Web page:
It was the best hummus I’ve ever tasted. It came in a bowl, drenched in olive oil, with a few small garbanzos and shreds of parsley and hot green peppers sprinkled on top, and just the right amount of lemon juice. The elderly Palestinian man had made the hummus from scratch and served it to us with a salad plate, a bowl of falafels and a tall stack of hot pitas for just under 8 shekels.
I was eating in a refugee camp in Ramallah with Bassem Eid, the founder and director of an NGO called Palestinian Human Rights Monitoring Group. We ate at this hole in the wall off a skinny alleyway nestled in a labyrinth of ramshackle houses, tiny grocery stores and one little mosque, with a U.N. mini-truck riding around the alleyways picking up random garbage.
Outside the camp was a different story. Ramallah is a happening city with construction everywhere and a sea of people lining the sidewalks of boulevards teeming with commerce. Eid, it seems, knew every street.
I met him the way I’ve met a lot of people in Jerusalem — one meeting leading to another. In this case, I was having dinner in Jerusalem with my friend Hillel Neuer and professor Irwin Cotler, a Canadian Member of Parliament and a well-known human rights activist. We were talking about the many human rights NGOs in Israel, and I mentioned that we rarely hear about NGOs that monitor Palestinian society.
At which point the professor exclaimed: “Oh, you must meet my friend Bassem Eid!”
The next day, I was at the American Colony Hotel in East Jerusalem surrounded by foreign correspondents wearing crumpled linen — it could have been a movie set right out of “Lawrence of Arabia” — having one coffee after another with my new best friend, the chain-smoking Eid.
For Israel-lovers tired of seeing Israel get beaten up by the world press, Eid is your dream come true. I sat listening to him for hours in scorching heat, and I didn’t want to leave.
It’s not that Eid isn’t loyal to the Palestinian cause. He is. It’s just that he’s a fine practitioner of that popular Jewish sport we call tough love. He puts a large part of the blame for the plight of the Palestinians on the Palestinians.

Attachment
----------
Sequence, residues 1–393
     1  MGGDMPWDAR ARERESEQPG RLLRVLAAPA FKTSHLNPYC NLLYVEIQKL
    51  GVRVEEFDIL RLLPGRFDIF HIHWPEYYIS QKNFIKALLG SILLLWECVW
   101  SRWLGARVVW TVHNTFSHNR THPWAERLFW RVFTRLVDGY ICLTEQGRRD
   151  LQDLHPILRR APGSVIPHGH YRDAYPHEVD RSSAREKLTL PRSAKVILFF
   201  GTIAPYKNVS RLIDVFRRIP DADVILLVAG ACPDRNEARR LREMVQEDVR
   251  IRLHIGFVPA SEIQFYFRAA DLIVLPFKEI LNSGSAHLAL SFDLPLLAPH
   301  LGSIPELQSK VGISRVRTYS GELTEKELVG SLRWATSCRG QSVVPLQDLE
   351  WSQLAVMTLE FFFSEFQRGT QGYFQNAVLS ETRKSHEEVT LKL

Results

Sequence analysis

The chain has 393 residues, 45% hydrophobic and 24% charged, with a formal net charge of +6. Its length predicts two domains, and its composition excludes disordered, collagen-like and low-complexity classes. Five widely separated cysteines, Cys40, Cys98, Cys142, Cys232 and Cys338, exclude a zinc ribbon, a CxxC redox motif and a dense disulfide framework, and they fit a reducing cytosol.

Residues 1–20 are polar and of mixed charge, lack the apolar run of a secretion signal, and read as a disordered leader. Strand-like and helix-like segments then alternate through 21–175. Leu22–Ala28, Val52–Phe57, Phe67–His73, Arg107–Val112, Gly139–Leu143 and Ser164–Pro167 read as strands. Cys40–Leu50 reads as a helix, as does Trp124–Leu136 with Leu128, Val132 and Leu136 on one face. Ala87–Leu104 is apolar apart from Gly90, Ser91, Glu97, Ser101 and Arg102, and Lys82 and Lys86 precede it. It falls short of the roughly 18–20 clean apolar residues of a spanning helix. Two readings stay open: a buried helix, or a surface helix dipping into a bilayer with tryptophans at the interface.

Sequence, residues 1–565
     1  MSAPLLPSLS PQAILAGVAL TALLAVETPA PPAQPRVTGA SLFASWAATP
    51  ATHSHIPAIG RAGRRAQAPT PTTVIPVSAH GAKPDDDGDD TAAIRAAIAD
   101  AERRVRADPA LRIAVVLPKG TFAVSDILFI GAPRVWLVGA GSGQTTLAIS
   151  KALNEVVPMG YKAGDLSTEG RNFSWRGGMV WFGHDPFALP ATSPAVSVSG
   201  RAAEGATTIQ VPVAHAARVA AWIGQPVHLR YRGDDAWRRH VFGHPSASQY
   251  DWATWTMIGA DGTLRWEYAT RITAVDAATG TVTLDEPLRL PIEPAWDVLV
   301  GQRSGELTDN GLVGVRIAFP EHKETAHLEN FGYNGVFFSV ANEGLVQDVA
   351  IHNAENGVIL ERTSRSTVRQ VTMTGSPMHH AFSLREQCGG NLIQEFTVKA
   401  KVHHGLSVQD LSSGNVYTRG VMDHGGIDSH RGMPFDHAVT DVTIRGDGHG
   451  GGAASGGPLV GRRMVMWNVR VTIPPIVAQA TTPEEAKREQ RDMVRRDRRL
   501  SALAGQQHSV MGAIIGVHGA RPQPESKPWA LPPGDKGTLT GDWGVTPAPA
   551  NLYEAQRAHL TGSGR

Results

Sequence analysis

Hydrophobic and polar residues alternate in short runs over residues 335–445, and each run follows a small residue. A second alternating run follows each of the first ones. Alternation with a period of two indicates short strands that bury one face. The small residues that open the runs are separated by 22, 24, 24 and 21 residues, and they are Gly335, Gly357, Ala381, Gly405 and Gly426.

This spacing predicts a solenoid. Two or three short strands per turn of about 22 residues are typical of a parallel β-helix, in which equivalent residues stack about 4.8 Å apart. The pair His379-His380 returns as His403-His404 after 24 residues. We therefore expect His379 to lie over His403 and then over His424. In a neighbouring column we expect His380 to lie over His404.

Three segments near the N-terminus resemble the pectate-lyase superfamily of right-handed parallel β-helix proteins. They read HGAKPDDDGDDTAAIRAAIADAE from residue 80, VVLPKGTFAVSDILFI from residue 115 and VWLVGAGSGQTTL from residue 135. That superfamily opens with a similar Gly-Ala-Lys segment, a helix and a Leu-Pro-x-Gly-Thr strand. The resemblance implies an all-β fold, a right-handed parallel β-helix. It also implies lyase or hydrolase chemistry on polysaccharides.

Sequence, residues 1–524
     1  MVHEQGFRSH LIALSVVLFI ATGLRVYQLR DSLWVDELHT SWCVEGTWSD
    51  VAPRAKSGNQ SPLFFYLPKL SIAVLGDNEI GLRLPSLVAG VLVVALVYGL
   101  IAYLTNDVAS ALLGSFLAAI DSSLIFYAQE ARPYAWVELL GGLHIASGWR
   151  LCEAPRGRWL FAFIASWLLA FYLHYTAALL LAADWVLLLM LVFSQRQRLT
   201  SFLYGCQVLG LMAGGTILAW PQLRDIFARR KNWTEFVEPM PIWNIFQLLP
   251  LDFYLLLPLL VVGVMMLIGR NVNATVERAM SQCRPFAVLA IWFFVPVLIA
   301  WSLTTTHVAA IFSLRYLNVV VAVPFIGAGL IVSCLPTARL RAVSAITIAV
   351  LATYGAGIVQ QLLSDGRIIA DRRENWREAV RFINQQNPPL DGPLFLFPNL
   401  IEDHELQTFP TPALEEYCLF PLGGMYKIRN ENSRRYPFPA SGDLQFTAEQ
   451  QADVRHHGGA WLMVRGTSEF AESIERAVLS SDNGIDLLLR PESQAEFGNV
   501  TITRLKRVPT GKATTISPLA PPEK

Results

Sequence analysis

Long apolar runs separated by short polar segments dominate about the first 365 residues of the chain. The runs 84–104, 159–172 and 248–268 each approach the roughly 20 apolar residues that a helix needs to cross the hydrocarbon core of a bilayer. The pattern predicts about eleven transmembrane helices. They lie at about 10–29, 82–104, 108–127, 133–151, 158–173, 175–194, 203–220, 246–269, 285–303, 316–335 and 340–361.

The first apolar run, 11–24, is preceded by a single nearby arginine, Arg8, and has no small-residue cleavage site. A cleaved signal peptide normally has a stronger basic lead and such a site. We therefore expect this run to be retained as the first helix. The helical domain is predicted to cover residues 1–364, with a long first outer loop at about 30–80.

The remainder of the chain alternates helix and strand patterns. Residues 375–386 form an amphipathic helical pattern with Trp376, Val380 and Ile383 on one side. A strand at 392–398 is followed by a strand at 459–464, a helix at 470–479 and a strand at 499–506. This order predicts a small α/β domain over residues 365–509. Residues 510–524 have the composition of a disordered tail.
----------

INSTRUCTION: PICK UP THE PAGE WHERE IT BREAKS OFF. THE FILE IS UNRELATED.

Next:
As much as he loves peace, he hates violence even more.
In fact, had he been running the Palestinian Authority 10 years ago, when Ariel Sharon made his provocative visit to the Temple Mount — allegedly triggering the Second Intifada — there probably never would have been a Second Intifada.
“I would have received him at the Temple Mount with honor,” Eid told me. “I would have had 10 prominent Palestinian personalities receive him and explain to him how holy the Temple Mount is to us and give him a sightseeing tour.”
In other words, he would have provoked Sharon right back, but not with violence; never with violence.
He thinks the extraordinary violence of the Second Intifada killed more than people. It killed the Palestinian cause, which has become, he says, a “profitable enterprise for the people on top.” Because Arafat chose violence even in the face of Ehud Barak’s peace offer at Camp David, Eid doesn’t see trust being rebuilt or peace breaking out for at least a generation.
So he immerses himself in the only arena he knows: human rights. He worked with the Israeli NGO Betselem for many years before starting his own NGO about 15 years ago, because, he says, “I didn’t see too many NGOs criticizing my people and holding them to account.”
He started to document cases of financial corruption and torture inside the Palestinian Authority and, along the way, was arrested once and has been routinely defamed and slandered as an “Israeli collaborator.” About seven years ago, to get away from the pressure he was feeling in his hometown of East Jerusalem, he moved his family to Jericho.
As we drove through Ramallah the other day, it was hard to make sense of it all. For every sign of hope I saw — like busy people on busy streets looking like they love life — there were the forlorn looks on some of the faces in the refugee camp.
For every building with a sign of hope — like the one for the Sartawi Center for the Advancement of Peace and Democracy — there was a large poster promoting “One Indivisible Struggle for Palestinian Return” by a committee to commemorate the Nakba.
When we sat down for our homemade hummus, the whiplash continued. Eid reminisced about the good old days before the two intifadas, when thousands of Israelis would visit Ramallah on weekends to taste the hummus and contribute to the local economy. The sound of those words tasted too good.
On a whim, I asked Eid to ask the old man making the hummus if he’d like to see Jews from Israel visit his restaurant and give him more business.
“Jews are forbidden here,” the old man replied in Arabic, and, for the first time all day, it occurred to me that I was glad I wasn’t wearing my kippah.